overview

Artist and activist Gilbert Baker, best known for the iconic and internationally recognized Rainbow Flag (1978), used the basement commercial space of this Chelsea high-rise apartment building as his “Raise the Rainbow” workshop from the end of 1993 to June 1994.

Visible through a window, the workshop was where Baker and a small crew sewed a mile-long Rainbow Flag, then a world record, in commemoration of Stonewall 25.

Header Photo
Credit: Amanda Davis/NYC LGBT Historic Sites Project, 2023. Baker’s basement workshop was accessed via the door at center left and was visible from the window at right (partially under scaffolding).

History

San Francisco-based artist and activist Gilbert Baker (1951-2017), born and raised in Kansas, became involved with the LGBT rights movement in the early 1970s. The pink triangle was then a popular symbol in the fight for gay liberation, following its adoption by activists in West Germany to address the collective silence over gay Holocaust victims and survivors (these men, arrested under Paragraph 175, which made sex between men illegal, were forced to wear a pink triangle badge on their concentration camp uniforms). Given its Nazi origins, however, its use was controversial. Baker’s friends, San Francisco filmmaker Artie Bressan, Jr. and activist Harvey Milk, suggested the creation of a new unifying symbol. As a result, Baker worked with James McNamara, Faerie Argyle Rainbow (Lynn Segerblom), and a group of about 30 volunteers to create the two original eight-stripe Rainbow Flags in 1978. The flags debuted at San Francisco’s Gay Freedom Day that June. The now-familiar six-stripe version appeared a year later.

For the Pride March associated with Stonewall 25, held in New York City in June 1994, Baker envisioned a mile-long Rainbow Flag. His friend Cleve Jones, a San Francisco-based LGBT rights and AIDS activist, secured funding for the project from Stadtlander’s Pharmacy, an East Coast-based mail order pharmacy. This sponsorship was controversial, as AIDS activists had fought for years against pharmaceutical companies profiteering from the epidemic. Jones, however, believed that he could improve access to medication by cutting through government red tape and working with independent pharmacies.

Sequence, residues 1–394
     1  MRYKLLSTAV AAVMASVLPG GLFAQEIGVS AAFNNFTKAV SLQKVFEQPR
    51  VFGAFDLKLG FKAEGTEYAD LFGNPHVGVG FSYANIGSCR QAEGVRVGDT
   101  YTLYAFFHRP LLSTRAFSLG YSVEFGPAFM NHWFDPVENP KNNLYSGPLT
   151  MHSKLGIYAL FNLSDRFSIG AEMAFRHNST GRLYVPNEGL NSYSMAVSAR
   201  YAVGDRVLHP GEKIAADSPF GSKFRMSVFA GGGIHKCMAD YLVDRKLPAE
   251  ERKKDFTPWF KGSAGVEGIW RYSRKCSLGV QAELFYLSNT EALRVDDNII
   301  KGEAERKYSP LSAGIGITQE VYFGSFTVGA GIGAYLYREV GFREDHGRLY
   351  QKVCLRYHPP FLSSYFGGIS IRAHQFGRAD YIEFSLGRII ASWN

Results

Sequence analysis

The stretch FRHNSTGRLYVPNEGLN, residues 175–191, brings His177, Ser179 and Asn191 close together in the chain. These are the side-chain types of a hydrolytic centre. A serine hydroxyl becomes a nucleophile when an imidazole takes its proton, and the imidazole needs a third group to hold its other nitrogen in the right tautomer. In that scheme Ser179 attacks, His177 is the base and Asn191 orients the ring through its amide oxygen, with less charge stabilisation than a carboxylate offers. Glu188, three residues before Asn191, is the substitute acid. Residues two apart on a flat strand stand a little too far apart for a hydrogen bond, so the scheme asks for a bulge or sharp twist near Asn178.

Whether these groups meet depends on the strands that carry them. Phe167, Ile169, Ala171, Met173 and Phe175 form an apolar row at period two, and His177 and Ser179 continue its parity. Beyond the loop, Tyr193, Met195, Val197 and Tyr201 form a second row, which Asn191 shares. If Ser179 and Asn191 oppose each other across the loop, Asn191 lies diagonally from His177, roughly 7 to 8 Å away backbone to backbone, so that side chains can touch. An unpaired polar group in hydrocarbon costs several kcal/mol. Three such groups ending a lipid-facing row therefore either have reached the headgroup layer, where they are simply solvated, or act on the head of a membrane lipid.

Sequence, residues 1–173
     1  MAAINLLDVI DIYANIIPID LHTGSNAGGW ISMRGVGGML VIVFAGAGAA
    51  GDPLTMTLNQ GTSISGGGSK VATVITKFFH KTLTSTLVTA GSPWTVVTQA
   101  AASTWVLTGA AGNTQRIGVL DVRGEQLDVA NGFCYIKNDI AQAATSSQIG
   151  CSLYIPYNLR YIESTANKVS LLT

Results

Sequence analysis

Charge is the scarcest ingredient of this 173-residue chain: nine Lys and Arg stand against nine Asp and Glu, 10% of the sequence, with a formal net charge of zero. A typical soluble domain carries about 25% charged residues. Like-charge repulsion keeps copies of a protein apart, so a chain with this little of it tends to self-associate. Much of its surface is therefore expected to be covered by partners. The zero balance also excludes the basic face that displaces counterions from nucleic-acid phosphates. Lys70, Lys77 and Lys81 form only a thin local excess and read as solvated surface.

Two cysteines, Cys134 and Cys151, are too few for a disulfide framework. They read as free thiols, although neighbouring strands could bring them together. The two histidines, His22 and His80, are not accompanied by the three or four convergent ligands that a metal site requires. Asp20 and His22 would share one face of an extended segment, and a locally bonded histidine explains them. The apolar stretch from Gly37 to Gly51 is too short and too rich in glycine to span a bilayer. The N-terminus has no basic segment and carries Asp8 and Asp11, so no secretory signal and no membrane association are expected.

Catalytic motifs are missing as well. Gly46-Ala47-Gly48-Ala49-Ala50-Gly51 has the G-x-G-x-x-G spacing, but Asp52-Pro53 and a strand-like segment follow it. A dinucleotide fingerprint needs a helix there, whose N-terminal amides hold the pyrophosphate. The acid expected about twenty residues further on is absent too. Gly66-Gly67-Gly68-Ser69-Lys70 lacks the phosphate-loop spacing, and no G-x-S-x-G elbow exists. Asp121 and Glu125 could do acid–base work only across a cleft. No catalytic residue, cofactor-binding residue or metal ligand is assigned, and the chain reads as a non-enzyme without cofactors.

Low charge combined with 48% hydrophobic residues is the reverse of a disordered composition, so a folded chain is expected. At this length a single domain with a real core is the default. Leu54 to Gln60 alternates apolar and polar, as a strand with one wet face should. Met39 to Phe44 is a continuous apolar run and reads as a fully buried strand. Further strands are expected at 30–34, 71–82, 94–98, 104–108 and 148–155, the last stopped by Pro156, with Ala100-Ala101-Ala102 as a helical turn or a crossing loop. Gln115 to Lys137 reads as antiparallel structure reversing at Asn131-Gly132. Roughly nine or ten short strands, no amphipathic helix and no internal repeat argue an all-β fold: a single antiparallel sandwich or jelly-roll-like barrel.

Baker moved to New York at the end of 1993, initially staying in a commune at 9 Bleecker Street, off the Bowery. The basement commercial space at 269 West 16th Street, visible through a window and part of a high-rise apartment building in Chelsea, became his “Raise the Rainbow” workshop. In anticipation of long hours of sewing, he had white linoleum floors installed to reflect more light in the space. The walls, including the pipes, were painted white and big banks of fluorescent lights ran the length of the room. He also specified the location of a staircase (still there) so that the finished flag could be transported to street level more easily. The workshop accommodated 18 “refrigerator-sized crates,” each holding a bolt of fabric and weighing 400 pounds.

Baker was joined by McNamara and Jones’s assistant, Ed, who ran the front office. Richard Ferrara, who created banners and flags for Heritage of Pride, the organizers of the NYC Pride March, also assisted. (Other volunteers helped fold, tie, and transport the flag.)

I would get to the workshop at seven thirty each morning, drink coffee, and start sewing. James and Ed would roll in around ten. Richard dropped by most evenings. The four of us put in long hours, often staying late into the night.